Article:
Morrison & Foerster discusses Regulation A+ Final Rules’ Important Capital-Raising Alternatives

On March 25, 2015, the Securities and Exchange Commission voted unanimously to adopt final rules to implement the rulemaking mandate of Title IV of the JOBS Act by adopting amendments to Regulation A. In December 2013, the SEC had released a proposed rule that essentially retained the current framework of Regulation A and expanded it for larger exempt offerings. The proposed rules were generally well-received. The final rules addresses a number of issues raised by commenters, while retaining substantially the same approach outlined in the proposed rule.

Briefly, by way of background, existing Regulation A provides an exemption from the … Read more

Morrison and Foerster Summarizes the Status of Dodd-Frank as it approaches three years

If Aesop were still in the fable-writing business, and he had been watching the last three years of Dodd-Frank Act rulemaking, we would probably be reading the Snail and the Tortoise to our kids. In this issue of Dodd-Frank at Three, we are, once again, inclined to direct your attention to the tortoise. At each milestone since enactment of the Act, we have noted that slow and steady implementation progress was being made by the banking agencies, the SEC and the CFTC, and we were beginning to see a new regulatory framework for financial institutions take shape. On this third … Read more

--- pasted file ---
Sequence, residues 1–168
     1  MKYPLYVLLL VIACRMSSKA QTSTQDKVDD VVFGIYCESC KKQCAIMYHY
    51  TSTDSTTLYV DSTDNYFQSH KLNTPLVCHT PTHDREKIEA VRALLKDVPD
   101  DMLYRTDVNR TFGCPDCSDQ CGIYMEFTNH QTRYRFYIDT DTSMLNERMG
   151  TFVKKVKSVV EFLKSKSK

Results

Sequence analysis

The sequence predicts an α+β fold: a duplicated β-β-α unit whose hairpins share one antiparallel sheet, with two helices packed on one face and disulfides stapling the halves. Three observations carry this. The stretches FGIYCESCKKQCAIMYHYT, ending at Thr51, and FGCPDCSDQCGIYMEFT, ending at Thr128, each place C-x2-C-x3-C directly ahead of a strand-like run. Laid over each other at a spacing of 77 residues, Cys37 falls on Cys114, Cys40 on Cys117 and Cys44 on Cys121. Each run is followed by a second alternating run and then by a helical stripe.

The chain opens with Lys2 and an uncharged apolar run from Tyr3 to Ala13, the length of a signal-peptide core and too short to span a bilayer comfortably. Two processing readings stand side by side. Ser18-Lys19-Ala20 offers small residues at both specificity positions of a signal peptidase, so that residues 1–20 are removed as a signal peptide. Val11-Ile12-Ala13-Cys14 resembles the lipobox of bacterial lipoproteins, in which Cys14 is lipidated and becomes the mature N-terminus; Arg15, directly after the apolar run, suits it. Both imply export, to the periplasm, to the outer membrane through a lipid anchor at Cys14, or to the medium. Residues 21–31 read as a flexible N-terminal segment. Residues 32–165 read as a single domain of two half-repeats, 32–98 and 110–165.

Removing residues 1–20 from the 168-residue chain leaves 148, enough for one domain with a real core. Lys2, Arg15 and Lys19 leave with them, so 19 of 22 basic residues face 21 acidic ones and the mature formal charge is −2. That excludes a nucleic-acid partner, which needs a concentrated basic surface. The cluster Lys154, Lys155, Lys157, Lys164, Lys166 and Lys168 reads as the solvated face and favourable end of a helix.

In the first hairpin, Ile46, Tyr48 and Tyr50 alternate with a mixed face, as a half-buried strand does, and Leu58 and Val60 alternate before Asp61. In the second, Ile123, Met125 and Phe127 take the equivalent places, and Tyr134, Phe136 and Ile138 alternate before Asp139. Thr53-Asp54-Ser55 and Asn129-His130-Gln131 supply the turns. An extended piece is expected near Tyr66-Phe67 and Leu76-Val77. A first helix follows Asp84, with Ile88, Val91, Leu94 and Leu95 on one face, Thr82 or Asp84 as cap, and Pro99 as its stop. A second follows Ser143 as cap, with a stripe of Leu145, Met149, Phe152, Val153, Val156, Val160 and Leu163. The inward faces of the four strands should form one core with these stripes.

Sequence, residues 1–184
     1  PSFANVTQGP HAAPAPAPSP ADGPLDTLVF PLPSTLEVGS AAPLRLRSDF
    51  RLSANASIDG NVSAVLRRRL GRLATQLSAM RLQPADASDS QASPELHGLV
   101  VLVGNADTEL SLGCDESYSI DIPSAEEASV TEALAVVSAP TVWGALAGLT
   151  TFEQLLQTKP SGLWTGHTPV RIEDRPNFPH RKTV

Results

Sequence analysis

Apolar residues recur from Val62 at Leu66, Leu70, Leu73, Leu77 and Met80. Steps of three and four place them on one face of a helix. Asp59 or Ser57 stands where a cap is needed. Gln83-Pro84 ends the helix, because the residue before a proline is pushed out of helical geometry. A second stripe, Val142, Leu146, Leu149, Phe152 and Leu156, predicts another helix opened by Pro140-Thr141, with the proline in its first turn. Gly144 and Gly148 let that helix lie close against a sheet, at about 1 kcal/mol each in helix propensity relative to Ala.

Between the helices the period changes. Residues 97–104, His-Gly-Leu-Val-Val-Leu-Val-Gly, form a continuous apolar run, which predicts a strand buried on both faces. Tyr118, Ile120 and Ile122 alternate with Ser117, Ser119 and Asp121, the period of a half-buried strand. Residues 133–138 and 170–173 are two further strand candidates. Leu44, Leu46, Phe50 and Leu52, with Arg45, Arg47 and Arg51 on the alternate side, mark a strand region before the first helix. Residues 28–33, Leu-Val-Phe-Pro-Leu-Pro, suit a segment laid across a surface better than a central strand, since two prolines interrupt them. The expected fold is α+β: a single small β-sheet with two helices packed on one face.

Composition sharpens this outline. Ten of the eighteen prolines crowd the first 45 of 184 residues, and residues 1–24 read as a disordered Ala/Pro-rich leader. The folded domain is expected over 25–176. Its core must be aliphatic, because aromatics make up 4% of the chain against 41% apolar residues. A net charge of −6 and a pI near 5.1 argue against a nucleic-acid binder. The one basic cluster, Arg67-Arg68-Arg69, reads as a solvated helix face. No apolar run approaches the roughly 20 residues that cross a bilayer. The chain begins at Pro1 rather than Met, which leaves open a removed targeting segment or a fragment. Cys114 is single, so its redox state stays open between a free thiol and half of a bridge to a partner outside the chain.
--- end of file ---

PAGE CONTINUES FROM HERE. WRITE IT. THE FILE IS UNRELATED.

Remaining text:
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Editor's Tweet: Morrison and Foerster Summarizes the Status of Dodd-Frank as it approaches three years

Public Deals Become More Private

If nothing else, the JOBS Act has focused more attention on the “metaphysics” of securities offerings.  Even those who are not securities geeks might readily acknowledge that at some point in our recent past, there were some characteristics typically associated with “private placements” and private placements could be distinguished from public offerings.  Beginning in the mid-1990’s many of those distinctions became increasingly blurred as hybrid offering alternatives, like PIPE transactions, became more popular.  The objective of a PIPE transaction was to reduce the liquidity discount typically associated with restricted securities that had been offered in a private placement by enabling … Read more

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Editor's Tweet: Anna Pinedo of Morrison & Foerster discuss the phenomenon of public deals becoming more private.